Gout is a very painful form of inflammatory arthritis that is caused by an abnormally high amount of uric acid in the blood. Recent observations indicate that the consumption of cherries would exert a preventive action against this disease.
As early as the 5th century BC, the Greek physician Hippocrates observed that people who regularly ate hearty, well-watered meals were often struck down by severe joint pain, especially in the big toe.
Gout attack: when crystals settle in the joints
This affection, which we know today under the name of gout, has also long been considered a “disease of kings”, because the abundance of food which favored its outbreak was a privilege exclusively reserved for the upper social classes.
This link between diet and gout is due to the presence of purines, a group of molecules found in several commonly eaten foods.
(red meat and seafood, in particular) as well as in several alcoholic beverages (beer, whiskey, rum and gin). During digestion, these molecules are broken down into uric acid, a poorly soluble metabolic waste product which is normally eliminated by the kidneys; when the amount of purines is too high, the excess uric acid in the blood forms crystals which are deposited in the joints, which causes an inflammatory reaction and the appearance of very sharp pains.
The incidence of gout has increased dramatically in recent years in several parts of the world. For example, a recent study from New Zealand indicates that in just 10 years (1999-2009), hospital admissions for gout complications increased by 90% and that a significant proportion of these patients had diabetes, hypertension or kidney failure that could have serious health consequences.
It is suspected that the major changes in the dietary habits of the population during this period, as well as the increase in overweight and obesity, both play an important role in this increase in incidence. The high consumption of sugar (sucrose-fructose), in the form of soft drinks for example, is certainly to blame, since the metabolism of fructose leads to the production of uric acid. The excess calories associated with the abundant consumption of sugary foods, meanwhile, promotes overweight and makes the body less sensitive to the action of insulin. This insulin resistance interferes with the excretion of uric acid by the kidneys and thereby increases its blood level and the risk of gout. Gout is therefore not only a disease associated with purine-rich foods and excessive alcohol consumption, but also a consequence of the metabolic upheavals that are associated with excess sugar and calories.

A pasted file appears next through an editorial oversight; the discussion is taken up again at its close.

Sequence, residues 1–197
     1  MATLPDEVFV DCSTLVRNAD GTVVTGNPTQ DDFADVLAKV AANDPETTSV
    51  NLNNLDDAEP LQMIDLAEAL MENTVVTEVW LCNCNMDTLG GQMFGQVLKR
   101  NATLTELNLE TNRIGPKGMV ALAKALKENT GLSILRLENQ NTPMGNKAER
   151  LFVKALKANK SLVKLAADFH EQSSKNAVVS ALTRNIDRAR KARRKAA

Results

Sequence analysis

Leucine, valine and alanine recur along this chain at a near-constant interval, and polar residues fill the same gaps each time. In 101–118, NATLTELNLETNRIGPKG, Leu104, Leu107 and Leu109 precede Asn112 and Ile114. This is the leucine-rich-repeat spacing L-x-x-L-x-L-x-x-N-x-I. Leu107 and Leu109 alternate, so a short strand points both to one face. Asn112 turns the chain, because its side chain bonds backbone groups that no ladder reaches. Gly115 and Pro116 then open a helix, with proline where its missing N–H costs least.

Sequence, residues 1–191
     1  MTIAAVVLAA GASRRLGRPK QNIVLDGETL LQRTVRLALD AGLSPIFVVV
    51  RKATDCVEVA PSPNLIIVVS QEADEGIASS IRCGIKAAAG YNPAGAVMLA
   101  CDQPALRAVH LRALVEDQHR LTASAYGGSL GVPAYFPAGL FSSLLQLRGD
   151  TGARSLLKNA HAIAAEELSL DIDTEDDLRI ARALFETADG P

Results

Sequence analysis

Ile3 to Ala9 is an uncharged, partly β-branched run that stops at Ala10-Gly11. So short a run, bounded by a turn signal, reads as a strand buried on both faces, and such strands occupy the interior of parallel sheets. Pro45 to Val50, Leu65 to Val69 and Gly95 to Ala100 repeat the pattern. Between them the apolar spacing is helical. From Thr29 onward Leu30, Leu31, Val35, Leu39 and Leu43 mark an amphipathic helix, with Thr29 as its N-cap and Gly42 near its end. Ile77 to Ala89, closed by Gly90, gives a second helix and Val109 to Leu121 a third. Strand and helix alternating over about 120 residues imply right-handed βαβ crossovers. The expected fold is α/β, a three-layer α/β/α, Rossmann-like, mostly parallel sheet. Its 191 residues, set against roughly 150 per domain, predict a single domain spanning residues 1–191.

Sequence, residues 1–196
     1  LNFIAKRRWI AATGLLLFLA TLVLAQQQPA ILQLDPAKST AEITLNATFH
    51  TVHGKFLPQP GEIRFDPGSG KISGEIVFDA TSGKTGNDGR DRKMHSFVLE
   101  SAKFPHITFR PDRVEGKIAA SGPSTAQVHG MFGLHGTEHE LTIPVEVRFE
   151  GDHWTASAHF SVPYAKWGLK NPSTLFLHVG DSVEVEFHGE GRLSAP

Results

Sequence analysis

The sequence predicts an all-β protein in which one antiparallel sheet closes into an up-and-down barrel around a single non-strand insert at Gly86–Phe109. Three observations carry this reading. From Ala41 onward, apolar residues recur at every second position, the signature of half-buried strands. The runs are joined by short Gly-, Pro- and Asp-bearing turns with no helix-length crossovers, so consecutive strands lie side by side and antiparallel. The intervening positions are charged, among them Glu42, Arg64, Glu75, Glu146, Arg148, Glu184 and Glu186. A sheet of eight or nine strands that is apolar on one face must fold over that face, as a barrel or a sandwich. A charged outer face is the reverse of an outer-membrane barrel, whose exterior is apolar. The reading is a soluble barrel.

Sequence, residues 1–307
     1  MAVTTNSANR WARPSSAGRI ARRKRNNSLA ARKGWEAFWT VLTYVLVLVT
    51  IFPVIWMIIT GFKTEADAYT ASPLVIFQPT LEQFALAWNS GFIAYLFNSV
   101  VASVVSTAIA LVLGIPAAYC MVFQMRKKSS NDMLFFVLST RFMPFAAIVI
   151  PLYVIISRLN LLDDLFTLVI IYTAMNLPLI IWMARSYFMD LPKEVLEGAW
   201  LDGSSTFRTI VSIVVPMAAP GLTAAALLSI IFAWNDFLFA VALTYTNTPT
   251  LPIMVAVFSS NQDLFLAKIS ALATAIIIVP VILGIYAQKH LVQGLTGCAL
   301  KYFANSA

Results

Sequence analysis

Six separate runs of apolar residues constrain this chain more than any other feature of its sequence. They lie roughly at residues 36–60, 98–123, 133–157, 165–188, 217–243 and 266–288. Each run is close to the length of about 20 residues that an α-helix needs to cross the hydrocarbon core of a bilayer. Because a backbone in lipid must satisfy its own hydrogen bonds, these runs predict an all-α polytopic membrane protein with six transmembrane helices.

Anthocyanins and seizures diminish
Cherries are one of the fruits that contain the highest amounts of anthocyanins, molecules with powerful antioxidant and anti-inflammatory action. Researchers examined the correlation between cherry consumption and the frequency of gout episodes in 633 people with the disease. They observed that people who ate cherries two days before they were most likely to have a gout attack were 35% less likely to have the attack than when they didn’t. . When combined with allopurinol, a drug commonly used to reduce uric acid levels, the protective effect of cherries even reaches 75%!
Gout is therefore another example of a disease whose development is strongly influenced by our lifestyle. Maintaining a healthy body weight, avoiding excessive sugar consumption as much as possible and favoring a diet rich in plants, including cherries, is therefore a good way to avoid the torment imposed by this disease.
Robinson PC et al. Hospital admissions associated with gout and their co-morbidities in New Zealand and England 1999-2009. Rheumatology,
Zhang Y et al. Cherry consumption and decreased risk of recurrent gout attacks. Arthritis Rheum. ; 64: 4004-11